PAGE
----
Clemson Football's Luxurious Recruiting Visits Detailed in The Athletic ReportMay 7, 2020
The Clemson Tigers spare no expense when it comes to impressing recruits.
According to Grace Raynor of The Athletic, the school spent $85,000 of its "$2 million-plus" annual football budget during its 2019 marquee recruiting weekend of Nov. 15-17 with 11 prospects and their families in attendance. As Raynor noted, "from steakhouse dinners to black car service to a luxury hotel—the Tigers did not skimp."
The Tigers also paid for round-trip plane tickets for the prospects and two of their family members, gave the prospects a tour of its South Carolina campus, gave them lower-level tickets for the home game against Wake Forest, a tour of the team's $55 million facility (which includes "an indoor slide to a barbershop, a nap room, a theater, outdoor amenities and a bowling alley") and a visit to head coach Dabo Swinney's house.
Between a number of catered lunches and dinners to steakhouses, the recruits and their families were also provided with some swanky options.
That included "BBQ bacon cheddar grilled chicken thighs, jumbo lump crab cakes, grilled ribeye with herb compound, whipped truffle garlic butter mashed potatoes, roasted broccoli and oven-roasted maple butternut squash" at a Saturday lunch and "buttermilk fried chicken, chargrilled oysters with fresh bread, a carving station for brown sugar-cumin-rubbed beef tenderloin, creamy steakhouse macaroni and cheese, red beans and rice and brussels sprouts with parmesan cheese and crispy shallots" at dinner that night.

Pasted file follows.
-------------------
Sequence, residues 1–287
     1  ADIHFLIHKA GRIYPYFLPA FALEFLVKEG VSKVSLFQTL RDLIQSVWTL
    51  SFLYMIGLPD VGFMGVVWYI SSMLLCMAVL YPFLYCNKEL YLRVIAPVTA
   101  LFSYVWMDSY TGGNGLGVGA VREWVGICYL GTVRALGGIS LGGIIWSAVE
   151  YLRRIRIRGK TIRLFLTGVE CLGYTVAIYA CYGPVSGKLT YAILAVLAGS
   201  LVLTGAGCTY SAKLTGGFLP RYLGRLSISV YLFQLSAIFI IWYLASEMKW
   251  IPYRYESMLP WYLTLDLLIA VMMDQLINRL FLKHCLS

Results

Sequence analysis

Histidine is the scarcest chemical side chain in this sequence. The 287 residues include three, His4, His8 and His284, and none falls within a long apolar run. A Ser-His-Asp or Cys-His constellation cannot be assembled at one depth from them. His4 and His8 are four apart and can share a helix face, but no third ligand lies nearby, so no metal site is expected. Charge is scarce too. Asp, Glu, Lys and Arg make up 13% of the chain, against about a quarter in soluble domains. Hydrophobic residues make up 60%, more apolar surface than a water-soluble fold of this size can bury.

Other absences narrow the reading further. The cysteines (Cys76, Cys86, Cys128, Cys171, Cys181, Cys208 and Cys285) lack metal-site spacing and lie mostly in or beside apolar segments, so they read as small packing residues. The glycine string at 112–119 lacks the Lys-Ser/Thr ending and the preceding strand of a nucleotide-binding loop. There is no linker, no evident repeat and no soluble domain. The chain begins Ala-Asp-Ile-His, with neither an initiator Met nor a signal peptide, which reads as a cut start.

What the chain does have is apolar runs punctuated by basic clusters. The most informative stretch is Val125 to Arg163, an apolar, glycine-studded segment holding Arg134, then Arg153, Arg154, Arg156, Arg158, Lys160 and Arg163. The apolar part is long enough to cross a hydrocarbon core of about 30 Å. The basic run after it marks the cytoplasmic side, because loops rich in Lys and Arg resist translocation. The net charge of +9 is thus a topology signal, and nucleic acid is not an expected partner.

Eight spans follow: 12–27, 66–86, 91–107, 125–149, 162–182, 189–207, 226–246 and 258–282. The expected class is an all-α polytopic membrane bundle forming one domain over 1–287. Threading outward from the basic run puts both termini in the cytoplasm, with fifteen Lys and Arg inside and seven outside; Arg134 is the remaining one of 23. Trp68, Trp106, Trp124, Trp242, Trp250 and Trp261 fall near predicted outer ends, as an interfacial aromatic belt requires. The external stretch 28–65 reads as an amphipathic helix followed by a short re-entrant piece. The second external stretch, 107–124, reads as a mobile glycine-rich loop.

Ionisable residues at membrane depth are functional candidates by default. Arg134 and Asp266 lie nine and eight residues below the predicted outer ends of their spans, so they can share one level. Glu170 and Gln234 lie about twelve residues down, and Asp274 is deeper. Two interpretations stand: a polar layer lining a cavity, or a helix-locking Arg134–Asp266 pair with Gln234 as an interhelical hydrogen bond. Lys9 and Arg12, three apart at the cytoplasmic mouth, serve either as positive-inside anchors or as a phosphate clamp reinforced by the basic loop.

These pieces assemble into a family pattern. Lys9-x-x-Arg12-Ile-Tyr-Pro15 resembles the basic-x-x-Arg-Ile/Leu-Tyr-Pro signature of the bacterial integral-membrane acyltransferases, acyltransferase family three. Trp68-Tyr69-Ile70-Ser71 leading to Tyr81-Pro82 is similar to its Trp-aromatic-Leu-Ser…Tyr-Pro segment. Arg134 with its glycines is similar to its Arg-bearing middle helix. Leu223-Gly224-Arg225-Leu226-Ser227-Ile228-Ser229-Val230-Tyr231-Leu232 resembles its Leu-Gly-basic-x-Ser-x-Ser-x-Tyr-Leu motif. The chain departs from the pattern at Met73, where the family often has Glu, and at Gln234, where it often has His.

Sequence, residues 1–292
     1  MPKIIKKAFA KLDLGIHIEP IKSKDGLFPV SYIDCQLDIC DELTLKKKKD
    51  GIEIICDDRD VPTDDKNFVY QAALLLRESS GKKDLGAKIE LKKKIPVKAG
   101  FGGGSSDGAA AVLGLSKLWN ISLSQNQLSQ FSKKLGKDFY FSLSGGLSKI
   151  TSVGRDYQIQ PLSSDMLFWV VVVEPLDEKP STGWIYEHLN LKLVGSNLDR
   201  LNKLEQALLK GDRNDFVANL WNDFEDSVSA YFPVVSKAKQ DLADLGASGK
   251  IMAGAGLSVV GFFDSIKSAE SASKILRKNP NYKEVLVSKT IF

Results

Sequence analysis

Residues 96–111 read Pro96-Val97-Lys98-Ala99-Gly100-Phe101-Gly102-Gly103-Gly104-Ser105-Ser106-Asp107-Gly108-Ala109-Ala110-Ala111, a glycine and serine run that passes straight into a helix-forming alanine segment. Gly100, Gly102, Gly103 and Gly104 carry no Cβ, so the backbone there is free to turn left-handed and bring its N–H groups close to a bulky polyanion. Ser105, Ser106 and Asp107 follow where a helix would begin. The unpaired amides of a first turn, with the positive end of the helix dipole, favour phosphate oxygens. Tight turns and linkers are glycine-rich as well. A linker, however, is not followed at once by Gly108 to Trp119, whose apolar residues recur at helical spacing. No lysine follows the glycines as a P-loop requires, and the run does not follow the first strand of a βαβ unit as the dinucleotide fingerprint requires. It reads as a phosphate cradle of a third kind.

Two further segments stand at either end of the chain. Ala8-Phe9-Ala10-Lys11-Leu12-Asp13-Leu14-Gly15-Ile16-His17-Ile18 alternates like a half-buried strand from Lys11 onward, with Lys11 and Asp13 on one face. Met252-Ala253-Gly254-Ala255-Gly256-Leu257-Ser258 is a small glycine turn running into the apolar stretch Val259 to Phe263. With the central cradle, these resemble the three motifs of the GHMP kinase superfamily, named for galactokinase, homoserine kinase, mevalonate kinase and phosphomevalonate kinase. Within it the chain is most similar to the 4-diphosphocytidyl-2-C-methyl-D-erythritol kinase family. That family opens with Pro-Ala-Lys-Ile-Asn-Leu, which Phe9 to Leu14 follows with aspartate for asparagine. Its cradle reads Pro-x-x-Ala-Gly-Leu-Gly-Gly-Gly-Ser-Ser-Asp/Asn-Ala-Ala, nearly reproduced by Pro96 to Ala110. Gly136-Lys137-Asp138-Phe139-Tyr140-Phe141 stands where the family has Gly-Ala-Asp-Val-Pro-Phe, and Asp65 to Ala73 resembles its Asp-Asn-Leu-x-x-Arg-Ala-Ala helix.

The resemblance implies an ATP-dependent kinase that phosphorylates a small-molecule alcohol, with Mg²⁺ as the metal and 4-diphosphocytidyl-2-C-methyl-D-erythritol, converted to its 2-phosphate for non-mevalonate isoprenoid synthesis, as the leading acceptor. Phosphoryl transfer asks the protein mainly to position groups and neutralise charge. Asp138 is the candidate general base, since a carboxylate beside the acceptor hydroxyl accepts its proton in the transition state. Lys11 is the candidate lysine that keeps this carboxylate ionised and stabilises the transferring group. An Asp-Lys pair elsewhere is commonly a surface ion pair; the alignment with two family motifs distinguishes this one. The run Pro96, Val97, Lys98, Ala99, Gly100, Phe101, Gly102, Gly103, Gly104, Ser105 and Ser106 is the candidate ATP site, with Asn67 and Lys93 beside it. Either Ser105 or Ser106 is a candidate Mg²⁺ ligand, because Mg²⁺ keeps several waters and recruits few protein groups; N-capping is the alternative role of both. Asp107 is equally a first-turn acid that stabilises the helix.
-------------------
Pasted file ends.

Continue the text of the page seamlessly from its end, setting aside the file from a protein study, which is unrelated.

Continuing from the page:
Clemson spared no expense, and while the team's success in recent years and a huge operational budget is a flex, proponents of paying college athletes could also point to the $85,000 weekend, the program's $2 million-plus budget and Swinney's $9.3 million annual salary as evidence that FBS programs could more than afford to pay the players.
Not every school has those resources, of course, though most programs receive major windfalls from their conference allegiances. The power conferences (ACC, SEC, Big Ten, Big 12 and Pac-12) all split a base football payout of $66 million with member schools, for instance, with additional money coming from bowl appearances.
And that's just the football portion of the money that comes from a power conference membership:
Clemson's lavish weekend for recruits is just another reminder, then, of the massive money flowing through college athletics, namely football. How and where that money is distributed—and whether the players deserve a direct payout—remains a major point of contention.